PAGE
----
February 27, 2012, 8:00 am
I had the great pleasure this weekend of leading a session at Math In Action, which is Grand Valley’s annual K-12 educators’ conference. My session was called “Classroom Response Systems in Mathematics: Learning math better through voting” and was all about the kinds of learning that can take place in a class where active student choice is central and clickers are mediating the voting. (Here are the slides.)
It always seems like a bait-and-switch when I do a “clicker” workshop, because although people come to learn about clickers, I don’t really have much to say about the technology itself. As devices go, clickers are about as complex as a garage door opener, and in fact they work on the same principle. There’s not a lot to discuss. So instead, we spend our time focusing on the kinds of pedagogy that clickers enable — which tends to excite teachers more than technology does.
February 9, 2012, 8:48 pm
Today I was excited to attend the startup meeting for a faculty learning community on the scholarship of teaching and learning (“SoTL”) here at GVSU. This group is sponsored and facilitated by our Faculty Teaching and Learning Center; it consists of the FTLC director and fellow faculty members from philosophy, history, computer science, and movement sciences. (And me.) Together over the next calendar year, we’re going to be working together to help each other develop research questions and projects in SoTL and serve as a sounding board for each others’ ideas.
I’ve been an end-user of SoTL for a long time and have done a lot of you might call “scholarship” in SoTL — for example all the writing and speaking I’ve done about the inverted classroom and clickers — but I’ve not done what I consider actual research in SoTL. One of the reasons I came to GVSU was to have the time, space, and …
January 5, 2012, 8:00 am
By the time you read this, I’ll be heading back home to Michigan from the AMS/MAA Joint Meetings. Yesterday was the first day of the actual conference, and since it was the only day of the conference I was in attendance, I tried to pack in as much as I could. Here’s a rundown of what I saw.
I attended a talk on “The Separability Problem in Referendum Elections” by my GVSU colleague Jonathan Hodge in the AMS Special Session on the Mathematics of Decisions, Elections, and Games. I knew Jon worked in game theory but I had never seen a sustained scholarly presentation of his work before. It was impressive. What I appreciate the most about Jon’s research is its blend of real-world accessibility with mathematical depth. Also impressive was the amount of collaboration with undergraduates Jon did as a part of the research; three of those undergrads were in the audience.
Next was a talk on…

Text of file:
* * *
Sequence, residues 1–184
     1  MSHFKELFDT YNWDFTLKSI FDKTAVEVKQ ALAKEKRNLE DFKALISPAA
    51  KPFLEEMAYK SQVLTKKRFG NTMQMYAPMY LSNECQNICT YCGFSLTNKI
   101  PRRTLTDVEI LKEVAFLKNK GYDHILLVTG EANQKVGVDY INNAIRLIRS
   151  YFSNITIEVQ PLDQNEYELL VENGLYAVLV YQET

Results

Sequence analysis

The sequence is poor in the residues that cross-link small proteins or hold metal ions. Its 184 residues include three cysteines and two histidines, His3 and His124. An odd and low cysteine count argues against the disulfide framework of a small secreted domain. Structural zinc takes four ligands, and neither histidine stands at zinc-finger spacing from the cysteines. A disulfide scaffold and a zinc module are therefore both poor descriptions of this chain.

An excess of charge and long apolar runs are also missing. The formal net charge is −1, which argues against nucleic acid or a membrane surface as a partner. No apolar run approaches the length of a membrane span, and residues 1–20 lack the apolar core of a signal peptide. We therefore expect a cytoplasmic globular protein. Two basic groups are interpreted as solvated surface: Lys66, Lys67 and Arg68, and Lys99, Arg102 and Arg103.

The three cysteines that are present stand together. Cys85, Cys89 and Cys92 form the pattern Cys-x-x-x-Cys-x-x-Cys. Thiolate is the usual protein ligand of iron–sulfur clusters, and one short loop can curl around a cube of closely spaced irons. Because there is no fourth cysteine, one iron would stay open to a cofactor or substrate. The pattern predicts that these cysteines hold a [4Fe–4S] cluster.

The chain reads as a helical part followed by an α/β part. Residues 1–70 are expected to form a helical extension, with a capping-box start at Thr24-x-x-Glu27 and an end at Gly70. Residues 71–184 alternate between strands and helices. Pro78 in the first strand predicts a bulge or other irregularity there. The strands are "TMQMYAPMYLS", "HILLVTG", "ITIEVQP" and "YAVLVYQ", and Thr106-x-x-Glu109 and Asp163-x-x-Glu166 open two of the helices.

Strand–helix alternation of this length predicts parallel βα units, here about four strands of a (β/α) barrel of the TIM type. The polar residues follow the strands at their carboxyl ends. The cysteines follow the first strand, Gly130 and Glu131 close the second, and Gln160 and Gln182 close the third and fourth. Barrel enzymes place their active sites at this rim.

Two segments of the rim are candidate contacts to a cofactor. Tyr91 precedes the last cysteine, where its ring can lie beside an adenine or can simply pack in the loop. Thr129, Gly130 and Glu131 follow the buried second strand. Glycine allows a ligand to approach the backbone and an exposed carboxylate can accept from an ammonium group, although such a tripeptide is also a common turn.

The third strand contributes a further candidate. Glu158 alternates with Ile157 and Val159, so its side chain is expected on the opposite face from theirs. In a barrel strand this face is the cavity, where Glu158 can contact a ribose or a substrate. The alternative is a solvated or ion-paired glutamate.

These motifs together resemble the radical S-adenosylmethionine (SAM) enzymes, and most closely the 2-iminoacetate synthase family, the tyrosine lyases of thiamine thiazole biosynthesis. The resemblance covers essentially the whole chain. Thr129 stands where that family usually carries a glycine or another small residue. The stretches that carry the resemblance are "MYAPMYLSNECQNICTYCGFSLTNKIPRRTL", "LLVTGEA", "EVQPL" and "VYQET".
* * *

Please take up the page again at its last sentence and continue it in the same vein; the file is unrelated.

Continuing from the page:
January 4, 2012, 8:00 am
I have been using clickers in my classes for three years now, and for me, there’s no going back. The “agile teaching” model that clickers enable suits my teaching style very well and helps my students learn. But I have to say that until reading this Educause article on the flight out to Boston on Sunday, I hadn’t given much thought to how the clicker implementation model chosen by the institution might affect how my students learn.
Different institutions implement clickers differently, of course. The article studies three different implementation models: the students-pay-without-incentive (SPWOI) approach, where students buy the clickers for class but the class has no graded component for clicker use; the the students-pay-with-incentive (SPWI) approach, where students purchase clickers and there’s some grade incentive in class for using them (usually participation credit, but this can…
October 25, 2011, 7:30 am
I just gave midterm evaluations in my classes, and for the item about “What could we be doing differently to make the class better?”, many students put down: Do more examples at the board. I think I’ve seen that request more often than any other in my classes at midterm. This is a legitimate request (it’s not like they’re asking for free points or an extra day in the weekend), but honestly, I’m hesitant to give in to it. Why? Two reasons.
First, doing more examples at the board means more lecturing, therefore less active learning, and therefore more passivity and dependence by students on authority. That’s bad. Second, we can’t add more time to the meetings, so doing more examples means either going through them in less detail or else using examples that are overly simple. In the first case, we have less time for questions and deep thought, and therefore more passivity and dependence….